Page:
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prevaricate

[pri-var-i-keyt]
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verb (used without object), pre·var·i·cat·ed, pre·var·i·cat·ing.
  1. to speak falsely or misleadingly; deliberately misstate or create an incorrect impression; lie.
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Origin of prevaricate

1575–85; < Latin praevāricātus, past participle of praevāricārī to straddle something, (of an advocate) collude with an opponent's advocate, equivalent to prae- pre- + vāricāre to straddle, derivative of vārus bent outwards, bow-legged
Related formspre·var·i·ca·tion, nounpre·var·i·ca·tive, pre·var·i·ca·to·ry [pri-var-i-kuh-tawr-ee, -tohr-ee] /prɪˈvær ɪ kəˌtɔr i, -ˌtoʊr i/, adjectiveun·pre·var·i·cat·ing, adjective

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Dictionary.com Unabridged Based on the Random House Unabridged Dictionary, © Random House, Inc. 2018

Related Words

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British Dictionary definitions for prevaricative

prevaricate

verb
  1. (intr) to speak or act falsely or evasively with intent to deceive
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Derived Formsprevarication, nounprevaricator, noun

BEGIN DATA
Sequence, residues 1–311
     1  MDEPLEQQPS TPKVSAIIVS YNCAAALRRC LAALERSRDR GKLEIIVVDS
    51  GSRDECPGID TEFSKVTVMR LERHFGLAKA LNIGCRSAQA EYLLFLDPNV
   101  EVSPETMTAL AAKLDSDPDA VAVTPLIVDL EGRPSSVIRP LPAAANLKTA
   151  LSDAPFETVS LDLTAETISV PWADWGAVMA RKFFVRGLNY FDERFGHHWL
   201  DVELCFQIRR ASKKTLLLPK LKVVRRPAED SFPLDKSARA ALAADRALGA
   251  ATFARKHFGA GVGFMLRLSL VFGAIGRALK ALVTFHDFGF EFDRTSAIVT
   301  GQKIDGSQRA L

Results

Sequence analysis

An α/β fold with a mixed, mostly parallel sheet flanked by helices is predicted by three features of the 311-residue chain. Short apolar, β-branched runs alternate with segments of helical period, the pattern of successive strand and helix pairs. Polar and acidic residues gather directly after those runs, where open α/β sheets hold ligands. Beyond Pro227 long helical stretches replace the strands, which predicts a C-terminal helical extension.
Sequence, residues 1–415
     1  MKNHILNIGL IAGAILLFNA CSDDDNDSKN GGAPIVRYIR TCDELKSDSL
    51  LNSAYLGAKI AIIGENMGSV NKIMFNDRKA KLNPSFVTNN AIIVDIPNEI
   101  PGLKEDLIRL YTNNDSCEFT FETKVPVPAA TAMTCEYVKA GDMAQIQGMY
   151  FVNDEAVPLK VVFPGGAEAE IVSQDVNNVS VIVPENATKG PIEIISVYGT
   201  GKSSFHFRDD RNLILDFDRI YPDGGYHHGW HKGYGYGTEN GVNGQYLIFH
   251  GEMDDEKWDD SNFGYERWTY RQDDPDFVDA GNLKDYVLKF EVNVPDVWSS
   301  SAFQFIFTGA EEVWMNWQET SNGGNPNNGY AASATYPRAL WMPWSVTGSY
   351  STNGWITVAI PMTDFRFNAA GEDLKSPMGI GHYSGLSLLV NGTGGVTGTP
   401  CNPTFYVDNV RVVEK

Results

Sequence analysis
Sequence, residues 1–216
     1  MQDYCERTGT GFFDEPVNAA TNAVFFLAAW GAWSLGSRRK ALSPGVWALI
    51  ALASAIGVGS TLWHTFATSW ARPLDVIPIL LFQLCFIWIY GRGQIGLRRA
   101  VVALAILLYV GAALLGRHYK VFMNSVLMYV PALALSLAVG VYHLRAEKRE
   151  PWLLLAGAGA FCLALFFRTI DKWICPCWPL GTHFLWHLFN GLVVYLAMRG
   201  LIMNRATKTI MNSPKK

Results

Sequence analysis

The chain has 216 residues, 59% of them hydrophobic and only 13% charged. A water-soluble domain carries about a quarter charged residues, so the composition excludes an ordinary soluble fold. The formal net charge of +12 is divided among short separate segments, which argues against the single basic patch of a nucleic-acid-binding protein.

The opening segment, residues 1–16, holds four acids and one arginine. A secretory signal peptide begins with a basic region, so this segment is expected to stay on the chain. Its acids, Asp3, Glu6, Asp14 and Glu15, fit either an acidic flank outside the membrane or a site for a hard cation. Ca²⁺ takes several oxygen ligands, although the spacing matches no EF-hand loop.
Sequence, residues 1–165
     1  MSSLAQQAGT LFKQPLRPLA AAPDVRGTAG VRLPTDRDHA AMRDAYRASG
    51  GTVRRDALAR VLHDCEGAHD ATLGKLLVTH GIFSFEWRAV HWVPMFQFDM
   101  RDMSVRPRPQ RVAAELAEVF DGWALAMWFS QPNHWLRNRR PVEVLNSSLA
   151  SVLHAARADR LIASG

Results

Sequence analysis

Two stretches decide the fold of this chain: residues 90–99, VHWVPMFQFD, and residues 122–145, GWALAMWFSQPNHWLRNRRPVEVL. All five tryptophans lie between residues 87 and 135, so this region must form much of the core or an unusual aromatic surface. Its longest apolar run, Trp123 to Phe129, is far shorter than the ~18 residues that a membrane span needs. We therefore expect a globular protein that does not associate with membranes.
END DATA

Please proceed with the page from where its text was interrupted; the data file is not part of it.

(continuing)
Word Origin

C16: from Latin praevāricārī to walk crookedly, from prae beyond + vāricare to straddle the legs; compare Latin vārus bent
Collins English Dictionary - Complete & Unabridged 2012 Digital Edition © William Collins Sons & Co. Ltd. 1979, 1986 © HarperCollins Publishers 1998, 2000, 2003, 2005, 2006, 2007, 2009, 2012

Word Origin and History for prevaricative

prevaricate

v.

1580s, "to transgress," a back formation from prevarication, or else from Latin praevaricatus, past participle of praevaricari "to make a sham accusation, deviate," literally "walk crookedly;" in Church Latin, "to transgress" (see prevarication). Meaning "to speak evasively" is from 1630s. Related: Prevaricated; prevaricating.

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Online Etymology Dictionary, © 2010 Douglas Harper